Update: The changes listed in this article are now in force as of 5 May 2019.
Thailand’s National Legislative Assembly (NLA) approved a draft amendment to the Labor Protection Act that increases maternity leave, personal leave and statutory severance pay. The draft is still being reviewed and will be resubmitted to the NLA for a second reading. The amendments are expected to come into effect sometime in 2019, at a date yet to be determined, subject to publication in the Royal Gazette.
The draft includes the following key amendments:
- Maternity leave: The draft amendment increases maternity leave from 90 days to 98 days, including prenatal care. The law currently mandates the employer pay full salary for 45 days after which social security pays the remaining 45 days. The draft is not clear whether the additional eight days will be unpaid, covered by the employer or covered by social security.
- Personal days: Personal days are currently not required but can be granted in work rules with or without pay. The draft requires employers to grant employees a minimum of three paid personal days a year moving forward.
- Severance pay: Severance pay for employees with more than 20 years of service is increased from 300 days to 400 days at the employee’s latest wage rate. The current 300 days’ pay will continue to apply for employees with at least 10, but less than 20, years of service.
- Change of employer: In the event of a business change following a transfer or a merger with another business entity, the employee’s consent will be required to transfer the employee’s employment contract. The new employer must assume all existing rights and obligations of the previous employer. If the employee does not consent, the employment contract is terminated, and the employee is entitled to severance pay based on his or her period of service.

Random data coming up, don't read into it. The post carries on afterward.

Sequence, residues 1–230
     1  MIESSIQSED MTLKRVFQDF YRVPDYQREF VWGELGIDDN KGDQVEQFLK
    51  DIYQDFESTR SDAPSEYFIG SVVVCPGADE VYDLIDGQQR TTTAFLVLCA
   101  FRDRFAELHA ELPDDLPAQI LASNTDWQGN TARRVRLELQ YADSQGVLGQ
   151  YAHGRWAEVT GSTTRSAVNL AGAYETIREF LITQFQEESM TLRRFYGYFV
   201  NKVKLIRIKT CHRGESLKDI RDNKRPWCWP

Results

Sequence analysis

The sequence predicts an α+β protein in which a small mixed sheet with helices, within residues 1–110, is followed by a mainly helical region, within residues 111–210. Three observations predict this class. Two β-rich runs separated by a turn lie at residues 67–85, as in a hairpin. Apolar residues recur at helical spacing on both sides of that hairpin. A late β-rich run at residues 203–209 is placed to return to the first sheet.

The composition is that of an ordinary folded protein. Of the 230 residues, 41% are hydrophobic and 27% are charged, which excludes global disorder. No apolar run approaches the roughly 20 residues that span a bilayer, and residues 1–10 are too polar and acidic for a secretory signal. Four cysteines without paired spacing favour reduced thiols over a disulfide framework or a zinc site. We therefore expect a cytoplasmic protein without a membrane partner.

- Relocation of the employer: Employers will be required to post an announcement at the current workplace a minimum of 30 days prior to relocation of the operations or employees. If the employer fails to comply with the 30 days’ notice requirement, employees who refuse to move would be terminated and entitled to an additional 30 days’ pay in lieu of notice. If the employee refuses the relocation, the employment will be considered terminated as of the date of relocation, and the employee will be entitled to severance pay based on his or her period of service.
Due to the increase of severance pay entitlement, employers should reserve appropriate funds to cover employees who have more than 20 years of service. Employers should monitor the implementation of the bill and review their internal rules and policies to ensure compliance with all communication and leave policies.